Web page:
Q: What sort of artwork can you find in your own home?
I love to acquire art and hope to add more to my collection. I tend to pick pieces that are more painterly in nature and are done in high key values. I love light, airy works that were created quickly and energetically and have a sense of freshness about them. At the same time, I love graphic design pieces that have simple flat shapes and interesting arrangements. Art books are also incredibly important to me: my latest purchase, Matisse: Cut-Outs edited by Xavier-Gilles Néret and Gilles Néret, is a book dedicated to Henri Matisse’s brilliant collages and gigantic paper cut outs done when the artist could no longer hold a brush.
Q: What sort of research do you do for your art?
I often work in series and do a lot of visual research where I build up my mood boards that consist of things such as pieces of other paintings, photographs, color swatches, cut outs from magazines. The wall ends up looking like a visual mind map. Even if my series ends up looking nothing like the original mood board, I find this incredibly important and helpful because it’s my mental anchor that keeps my thoughts organized.
Often my work explores a theme—when I am able to identify what it is I want to investigate, I look for existing material and read about the subject matter to find out and understand why am I drawn to that. For example: when I painted some of the pieces that you see on artfully, I was looking a lot at Matisse and themes like bathers, nudes in landscape, even Adam and Eve. I guess I craved something primal and raw and intuitively my mind led me to that ethos.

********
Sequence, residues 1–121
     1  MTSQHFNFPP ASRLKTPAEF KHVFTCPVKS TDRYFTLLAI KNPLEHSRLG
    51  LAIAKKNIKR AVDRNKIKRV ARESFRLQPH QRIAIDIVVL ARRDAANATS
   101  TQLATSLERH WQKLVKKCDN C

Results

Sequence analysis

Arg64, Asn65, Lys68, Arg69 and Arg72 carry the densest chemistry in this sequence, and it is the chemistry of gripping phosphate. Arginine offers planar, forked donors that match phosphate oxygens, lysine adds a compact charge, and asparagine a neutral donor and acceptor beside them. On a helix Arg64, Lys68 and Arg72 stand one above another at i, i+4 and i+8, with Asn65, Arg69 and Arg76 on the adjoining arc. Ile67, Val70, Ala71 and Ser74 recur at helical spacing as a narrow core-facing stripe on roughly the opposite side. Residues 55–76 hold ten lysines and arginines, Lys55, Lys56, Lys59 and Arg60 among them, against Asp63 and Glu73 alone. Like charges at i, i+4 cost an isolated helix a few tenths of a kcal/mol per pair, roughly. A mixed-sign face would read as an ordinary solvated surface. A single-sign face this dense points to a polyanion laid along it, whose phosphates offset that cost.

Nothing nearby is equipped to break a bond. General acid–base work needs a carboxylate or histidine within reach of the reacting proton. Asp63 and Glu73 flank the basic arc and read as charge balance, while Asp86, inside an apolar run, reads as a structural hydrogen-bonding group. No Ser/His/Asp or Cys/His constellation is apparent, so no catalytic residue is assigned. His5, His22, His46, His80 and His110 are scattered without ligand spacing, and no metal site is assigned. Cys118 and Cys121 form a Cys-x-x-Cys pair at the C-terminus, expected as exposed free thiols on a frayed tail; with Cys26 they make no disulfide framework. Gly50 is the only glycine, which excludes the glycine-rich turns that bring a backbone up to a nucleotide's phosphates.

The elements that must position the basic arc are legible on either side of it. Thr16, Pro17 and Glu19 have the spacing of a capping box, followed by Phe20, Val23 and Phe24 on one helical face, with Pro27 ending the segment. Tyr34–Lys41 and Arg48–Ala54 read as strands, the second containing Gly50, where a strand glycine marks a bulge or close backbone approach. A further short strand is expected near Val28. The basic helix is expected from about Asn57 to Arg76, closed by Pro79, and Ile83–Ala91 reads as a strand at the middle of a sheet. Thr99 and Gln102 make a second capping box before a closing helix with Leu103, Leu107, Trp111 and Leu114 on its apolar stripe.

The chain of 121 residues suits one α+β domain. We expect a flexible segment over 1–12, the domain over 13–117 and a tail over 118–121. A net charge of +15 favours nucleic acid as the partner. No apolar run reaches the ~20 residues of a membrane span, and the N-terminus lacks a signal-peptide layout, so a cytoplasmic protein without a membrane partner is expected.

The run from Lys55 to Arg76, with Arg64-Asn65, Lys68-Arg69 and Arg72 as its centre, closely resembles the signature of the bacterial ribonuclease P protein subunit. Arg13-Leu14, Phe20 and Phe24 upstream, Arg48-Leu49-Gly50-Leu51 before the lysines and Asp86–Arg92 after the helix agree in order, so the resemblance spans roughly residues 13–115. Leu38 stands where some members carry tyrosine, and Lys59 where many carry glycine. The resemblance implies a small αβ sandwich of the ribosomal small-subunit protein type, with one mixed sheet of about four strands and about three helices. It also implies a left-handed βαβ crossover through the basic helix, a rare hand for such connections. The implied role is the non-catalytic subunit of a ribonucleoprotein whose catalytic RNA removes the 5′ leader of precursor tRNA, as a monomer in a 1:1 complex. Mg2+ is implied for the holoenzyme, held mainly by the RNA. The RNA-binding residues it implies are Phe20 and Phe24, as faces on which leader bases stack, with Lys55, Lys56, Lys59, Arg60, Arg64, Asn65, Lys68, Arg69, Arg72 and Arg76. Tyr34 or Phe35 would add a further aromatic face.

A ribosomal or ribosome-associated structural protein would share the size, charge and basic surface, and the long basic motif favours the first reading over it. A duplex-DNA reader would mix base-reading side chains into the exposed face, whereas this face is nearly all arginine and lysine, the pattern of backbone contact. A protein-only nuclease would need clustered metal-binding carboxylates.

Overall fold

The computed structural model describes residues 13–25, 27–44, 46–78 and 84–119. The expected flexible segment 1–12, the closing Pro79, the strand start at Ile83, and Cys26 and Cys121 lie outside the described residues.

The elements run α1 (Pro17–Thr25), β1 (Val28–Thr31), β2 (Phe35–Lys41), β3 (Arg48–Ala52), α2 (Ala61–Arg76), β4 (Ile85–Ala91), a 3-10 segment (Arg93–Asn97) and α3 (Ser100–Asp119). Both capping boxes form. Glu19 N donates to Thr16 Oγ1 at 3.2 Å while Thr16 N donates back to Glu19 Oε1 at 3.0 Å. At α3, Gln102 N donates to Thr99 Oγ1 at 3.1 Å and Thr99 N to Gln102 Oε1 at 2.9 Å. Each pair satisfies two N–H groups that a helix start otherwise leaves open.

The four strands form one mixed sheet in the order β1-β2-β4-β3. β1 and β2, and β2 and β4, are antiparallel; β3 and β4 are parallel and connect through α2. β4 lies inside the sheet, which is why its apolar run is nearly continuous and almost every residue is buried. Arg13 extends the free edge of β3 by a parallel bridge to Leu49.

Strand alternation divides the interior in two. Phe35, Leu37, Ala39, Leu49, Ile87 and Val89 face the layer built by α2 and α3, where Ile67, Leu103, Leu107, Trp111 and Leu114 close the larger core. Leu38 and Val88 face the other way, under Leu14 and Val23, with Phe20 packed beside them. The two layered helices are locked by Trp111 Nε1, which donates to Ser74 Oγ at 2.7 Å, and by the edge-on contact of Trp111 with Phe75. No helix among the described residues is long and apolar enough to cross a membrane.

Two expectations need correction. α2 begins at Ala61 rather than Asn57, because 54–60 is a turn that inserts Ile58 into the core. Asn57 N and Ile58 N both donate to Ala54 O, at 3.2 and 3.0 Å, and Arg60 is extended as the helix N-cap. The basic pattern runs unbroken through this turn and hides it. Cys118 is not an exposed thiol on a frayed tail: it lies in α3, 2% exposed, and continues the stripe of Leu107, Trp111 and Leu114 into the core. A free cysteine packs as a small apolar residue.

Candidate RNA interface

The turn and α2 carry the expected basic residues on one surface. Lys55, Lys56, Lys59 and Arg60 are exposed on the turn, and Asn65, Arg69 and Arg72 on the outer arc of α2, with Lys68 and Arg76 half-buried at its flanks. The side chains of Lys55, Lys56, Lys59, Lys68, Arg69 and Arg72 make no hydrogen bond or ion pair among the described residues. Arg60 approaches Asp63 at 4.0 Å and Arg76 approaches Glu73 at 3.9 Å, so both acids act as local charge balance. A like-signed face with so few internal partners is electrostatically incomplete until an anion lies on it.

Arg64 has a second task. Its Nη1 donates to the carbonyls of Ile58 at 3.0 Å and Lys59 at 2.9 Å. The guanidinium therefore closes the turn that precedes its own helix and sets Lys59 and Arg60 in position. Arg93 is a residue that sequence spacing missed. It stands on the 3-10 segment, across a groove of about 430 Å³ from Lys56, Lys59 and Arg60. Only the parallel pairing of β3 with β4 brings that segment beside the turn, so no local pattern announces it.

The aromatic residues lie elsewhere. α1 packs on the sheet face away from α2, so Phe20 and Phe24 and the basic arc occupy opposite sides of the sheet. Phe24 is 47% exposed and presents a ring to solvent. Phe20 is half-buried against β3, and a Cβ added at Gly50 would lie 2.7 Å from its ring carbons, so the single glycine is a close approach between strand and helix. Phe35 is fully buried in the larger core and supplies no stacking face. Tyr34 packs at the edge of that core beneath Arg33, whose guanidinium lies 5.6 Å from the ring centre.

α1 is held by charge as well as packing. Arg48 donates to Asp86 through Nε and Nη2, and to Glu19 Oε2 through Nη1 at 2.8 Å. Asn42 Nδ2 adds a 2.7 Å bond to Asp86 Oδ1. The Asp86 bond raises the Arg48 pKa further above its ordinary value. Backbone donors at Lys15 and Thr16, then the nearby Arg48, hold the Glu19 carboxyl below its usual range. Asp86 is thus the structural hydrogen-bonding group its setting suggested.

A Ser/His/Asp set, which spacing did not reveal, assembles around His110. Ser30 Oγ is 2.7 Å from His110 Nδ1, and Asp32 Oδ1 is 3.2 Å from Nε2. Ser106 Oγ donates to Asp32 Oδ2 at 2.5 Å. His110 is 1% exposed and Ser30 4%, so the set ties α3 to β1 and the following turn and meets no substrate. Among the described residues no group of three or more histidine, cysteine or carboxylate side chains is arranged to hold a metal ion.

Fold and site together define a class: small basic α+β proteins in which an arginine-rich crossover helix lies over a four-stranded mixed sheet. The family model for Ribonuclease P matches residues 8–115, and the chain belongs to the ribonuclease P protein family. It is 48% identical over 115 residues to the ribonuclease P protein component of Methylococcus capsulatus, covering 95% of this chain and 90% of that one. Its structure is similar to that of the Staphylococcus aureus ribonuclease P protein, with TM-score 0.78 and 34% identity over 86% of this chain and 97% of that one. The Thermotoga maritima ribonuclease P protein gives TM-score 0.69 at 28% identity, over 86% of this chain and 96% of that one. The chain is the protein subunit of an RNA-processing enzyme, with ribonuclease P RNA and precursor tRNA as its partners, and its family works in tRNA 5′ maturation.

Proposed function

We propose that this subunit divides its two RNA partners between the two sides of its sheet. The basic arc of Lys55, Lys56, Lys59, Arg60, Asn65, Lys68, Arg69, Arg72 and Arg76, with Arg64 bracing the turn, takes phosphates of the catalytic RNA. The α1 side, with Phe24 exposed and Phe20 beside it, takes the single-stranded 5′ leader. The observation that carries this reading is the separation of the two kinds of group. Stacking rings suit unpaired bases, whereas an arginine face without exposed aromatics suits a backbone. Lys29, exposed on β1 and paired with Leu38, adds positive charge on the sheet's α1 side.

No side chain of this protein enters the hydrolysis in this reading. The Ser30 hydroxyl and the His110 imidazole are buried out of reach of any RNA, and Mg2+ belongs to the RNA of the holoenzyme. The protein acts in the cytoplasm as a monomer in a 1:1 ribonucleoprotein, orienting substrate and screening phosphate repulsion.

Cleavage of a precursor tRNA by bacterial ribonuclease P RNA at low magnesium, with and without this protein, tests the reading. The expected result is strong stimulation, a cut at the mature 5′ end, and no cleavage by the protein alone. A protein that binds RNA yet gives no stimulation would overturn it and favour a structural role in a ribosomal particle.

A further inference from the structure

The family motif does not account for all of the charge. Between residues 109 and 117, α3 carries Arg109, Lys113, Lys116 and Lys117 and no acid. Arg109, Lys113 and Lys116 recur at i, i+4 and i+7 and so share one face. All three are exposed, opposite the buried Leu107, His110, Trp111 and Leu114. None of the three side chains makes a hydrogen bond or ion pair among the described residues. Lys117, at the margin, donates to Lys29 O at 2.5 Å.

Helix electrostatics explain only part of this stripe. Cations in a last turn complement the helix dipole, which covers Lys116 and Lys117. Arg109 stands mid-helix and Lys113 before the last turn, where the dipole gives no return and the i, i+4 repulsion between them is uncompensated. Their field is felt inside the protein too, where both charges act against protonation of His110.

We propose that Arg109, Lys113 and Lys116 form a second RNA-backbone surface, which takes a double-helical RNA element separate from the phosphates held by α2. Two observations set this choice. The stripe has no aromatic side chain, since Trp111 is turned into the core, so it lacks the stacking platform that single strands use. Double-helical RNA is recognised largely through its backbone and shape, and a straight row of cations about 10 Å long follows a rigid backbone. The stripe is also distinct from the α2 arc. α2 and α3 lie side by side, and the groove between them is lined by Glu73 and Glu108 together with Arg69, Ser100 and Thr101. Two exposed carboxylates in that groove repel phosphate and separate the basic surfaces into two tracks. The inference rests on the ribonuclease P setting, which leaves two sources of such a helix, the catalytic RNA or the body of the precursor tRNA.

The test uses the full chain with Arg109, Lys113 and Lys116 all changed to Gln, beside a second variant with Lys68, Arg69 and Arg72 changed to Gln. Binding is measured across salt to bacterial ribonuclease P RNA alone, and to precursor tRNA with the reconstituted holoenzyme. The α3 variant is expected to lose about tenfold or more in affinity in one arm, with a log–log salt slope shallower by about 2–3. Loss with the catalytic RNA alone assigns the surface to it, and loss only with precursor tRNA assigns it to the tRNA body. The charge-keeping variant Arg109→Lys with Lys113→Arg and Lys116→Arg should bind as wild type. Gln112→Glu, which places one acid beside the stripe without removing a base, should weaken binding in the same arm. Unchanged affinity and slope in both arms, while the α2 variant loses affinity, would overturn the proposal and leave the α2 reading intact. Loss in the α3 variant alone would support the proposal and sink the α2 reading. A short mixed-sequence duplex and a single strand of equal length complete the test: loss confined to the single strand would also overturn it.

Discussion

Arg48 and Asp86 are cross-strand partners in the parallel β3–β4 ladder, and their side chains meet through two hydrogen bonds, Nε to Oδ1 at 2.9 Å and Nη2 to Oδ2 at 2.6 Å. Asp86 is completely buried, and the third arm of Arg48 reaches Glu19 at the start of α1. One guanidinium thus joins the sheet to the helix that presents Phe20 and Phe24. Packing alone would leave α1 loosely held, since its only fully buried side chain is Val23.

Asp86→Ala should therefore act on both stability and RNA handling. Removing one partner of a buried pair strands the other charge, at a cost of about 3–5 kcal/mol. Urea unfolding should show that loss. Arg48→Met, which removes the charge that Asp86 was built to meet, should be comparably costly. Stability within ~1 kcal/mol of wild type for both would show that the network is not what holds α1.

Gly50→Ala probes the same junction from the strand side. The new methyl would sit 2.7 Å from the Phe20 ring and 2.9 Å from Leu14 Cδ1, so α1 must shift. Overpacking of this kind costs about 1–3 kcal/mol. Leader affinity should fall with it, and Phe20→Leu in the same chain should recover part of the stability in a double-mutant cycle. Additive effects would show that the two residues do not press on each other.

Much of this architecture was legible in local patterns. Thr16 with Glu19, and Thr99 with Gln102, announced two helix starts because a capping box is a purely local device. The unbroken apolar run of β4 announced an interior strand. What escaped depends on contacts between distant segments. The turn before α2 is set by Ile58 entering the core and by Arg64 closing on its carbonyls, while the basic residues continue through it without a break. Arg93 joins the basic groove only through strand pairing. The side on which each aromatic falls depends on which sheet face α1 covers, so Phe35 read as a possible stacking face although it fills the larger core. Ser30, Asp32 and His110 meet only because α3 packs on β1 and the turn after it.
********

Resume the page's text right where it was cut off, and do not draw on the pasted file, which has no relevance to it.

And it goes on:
Q: Where do you make your work?
This is a fun question! I’ve converted my garage into an art studio. It was a spontaneous decision inspired by the light and the way it was hitting the wall. I love the atmosphere: there is something very cozy and unpretentious about it. The best part is that it’s home meaning there’s no need to travel and change locations, yet, once I step inside, I’m in my element. I set up my Instagram account the same time I began using it as a studio—that’s why my handle is @artgaragetoronto.
Q: What advice would you give other artists?
As for advice to other artists: first off, never destroy or throw a piece away, you can always recycle it somehow. In fact, my best work was created on canvases re-painted multiple times. It’s the energy that builds on that surface that helps to make magic.
Secondly, show your work to good critics—by good, I mean someone who is able to understand what it is you’re doing, keeps flattery to a minimum, and isn’t afraid to be brutally honest.
Thirdly, make it a habit to introduce new tools and colors into your routine; you will be surprised at the difference it can make almost instantly for your work.
Finally, share your work on social media and the web—don’t be shy! It’s a humbling experience.